Growth

Global retail giants take stock

James Thomson /

There’s a growing sense that we’re past the half-way mark in this global downturn, meaning we’ll see a smaller number of job losses to come and fewer significant collapses left. So let’s take stock of where we are, based on the first quarter’s performance for four of the world’s largest retailers.

Wal-Mart, Tesco, Carrefour and Metro Group between them own a broad range of retail brands in many retail channels including cash and carry, grocery, department stores, consumer electronics and convenience stores. They trade across Europe, North America, South America and North and South East Asia.

A look at the performance of these four global retail giants over the first three months of this year is a good litmus test for how the global economy is performing.

And how are they performing? The simple and short answer: like a curate’s egg, it’s good in parts.

Over a 12 month period we’re seeing little significant change in overall sales, with like-for-like store sales generally up or down within a 3% band. We’re seeing exchange rate gains protect some retailers out of their home markets. We’re seeing home market dominance remain a core platform of profit growth and cashflow management. Think investment in existing stores to create great shopper experience (through store refits) rather than many new store openings.

Both Carrefour and Metro relied on exchange gains and sales increases in Asia to compensate for falling sales and profit in their home and near-home markets across Europe, validating their moves into the developing markets at significant cost and with significant growing pains over the past decade.

From the CEOs leading the big retailers, we are seeing a similar leadership philosophy that focuses on delivering value to shoppers. Mike Duke of Wal-mart puts its continuing growth down to “building our brand by reducing costs, sharpening our merchandising and updating our stores.” At Tesco, CEO Terry Leahy talks of “lowering prices, introducing more affordable products and offering even sharper promotions”.

These phrases both talk of lowering internal overheads, seeking sharper pricing from manufacturers, who are also lowering overheads, and communicating these new compelling price points and offers to shoppers via timely and engaging in-store activity. Sounds easy, doesn’t it?

But, underneath this strong performance, what are they actually doing? Bryan Gildenberg, Chief Knowledge Officer at Management Ventures Inc (MVI) last year cited the “five new rules of retailing” as observed in his discussions with senior retailers just when we were heading into recession. They were:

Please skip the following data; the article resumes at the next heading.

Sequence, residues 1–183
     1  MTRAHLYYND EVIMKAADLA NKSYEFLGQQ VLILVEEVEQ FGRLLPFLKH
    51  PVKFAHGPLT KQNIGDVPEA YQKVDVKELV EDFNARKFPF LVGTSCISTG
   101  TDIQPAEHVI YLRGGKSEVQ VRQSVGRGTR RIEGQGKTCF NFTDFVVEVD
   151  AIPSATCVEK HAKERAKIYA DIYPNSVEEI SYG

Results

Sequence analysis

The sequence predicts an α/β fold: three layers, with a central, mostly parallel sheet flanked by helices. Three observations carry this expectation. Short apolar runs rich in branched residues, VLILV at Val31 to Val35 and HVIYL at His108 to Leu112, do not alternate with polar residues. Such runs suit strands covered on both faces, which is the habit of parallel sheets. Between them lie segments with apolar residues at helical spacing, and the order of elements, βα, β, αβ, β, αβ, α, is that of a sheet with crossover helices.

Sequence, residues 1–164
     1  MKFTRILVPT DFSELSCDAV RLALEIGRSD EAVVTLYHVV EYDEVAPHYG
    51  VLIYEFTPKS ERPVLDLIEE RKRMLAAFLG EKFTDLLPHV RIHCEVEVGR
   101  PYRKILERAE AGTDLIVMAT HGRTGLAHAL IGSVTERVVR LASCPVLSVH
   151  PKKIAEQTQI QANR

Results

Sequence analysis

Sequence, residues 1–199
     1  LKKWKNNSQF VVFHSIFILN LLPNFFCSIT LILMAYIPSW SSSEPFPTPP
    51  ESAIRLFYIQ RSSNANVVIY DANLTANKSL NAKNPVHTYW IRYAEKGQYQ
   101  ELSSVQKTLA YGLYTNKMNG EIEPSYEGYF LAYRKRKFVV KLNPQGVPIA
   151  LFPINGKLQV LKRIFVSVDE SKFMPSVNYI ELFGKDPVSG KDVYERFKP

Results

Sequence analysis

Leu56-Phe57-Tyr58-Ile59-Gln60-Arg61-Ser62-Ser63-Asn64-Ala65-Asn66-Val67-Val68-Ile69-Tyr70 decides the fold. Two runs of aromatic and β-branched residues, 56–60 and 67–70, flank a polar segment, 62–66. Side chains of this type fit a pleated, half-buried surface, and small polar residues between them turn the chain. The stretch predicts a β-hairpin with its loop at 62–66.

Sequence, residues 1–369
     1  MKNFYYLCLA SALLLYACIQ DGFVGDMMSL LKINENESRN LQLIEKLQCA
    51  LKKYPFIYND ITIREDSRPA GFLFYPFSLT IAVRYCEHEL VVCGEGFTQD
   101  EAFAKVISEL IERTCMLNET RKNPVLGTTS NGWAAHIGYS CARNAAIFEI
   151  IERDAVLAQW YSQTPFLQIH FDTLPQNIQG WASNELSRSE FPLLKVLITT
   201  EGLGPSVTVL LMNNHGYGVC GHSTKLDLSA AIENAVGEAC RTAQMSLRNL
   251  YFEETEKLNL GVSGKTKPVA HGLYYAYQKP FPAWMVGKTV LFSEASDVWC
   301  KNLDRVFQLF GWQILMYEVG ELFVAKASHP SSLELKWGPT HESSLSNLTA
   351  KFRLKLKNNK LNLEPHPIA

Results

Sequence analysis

1. Needs beat wants – “I focus on shopping lists and make less impulse purchases.”

2. Value beats difference – “I know what I want, please give it to me at your best price.”

3. Destination beats impulse – “I am going to my regular aisle in my regular store, and I’m trying not to be distracted.”

4. Where I am beats where I am going – “If I see an item in your store that I would normally buy elsewhere, I’ll buy it now to save time.”

5. Financial conservatism beats financial adventure – Retailers and manufacturers are focusing on things they know will drive sales rather than taking risks that may miss their sales forecasts, or worse still, keeping excess inventory. Existing store refurbishments are less risky than new store openings.

From the sales results we are seeing, the comments from key retailers and manufacturers, plus our own observations as consumers in stores, Bryan’s five new rules of retail appear to be standing up to the test and driving growth in what are still challenging times.

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James Thomson

James was the editor and publisher of SmartCompany and LeadingCompany for five years. He is now the Australian Financial Review's companies & markets editor, and a former BRW editor.

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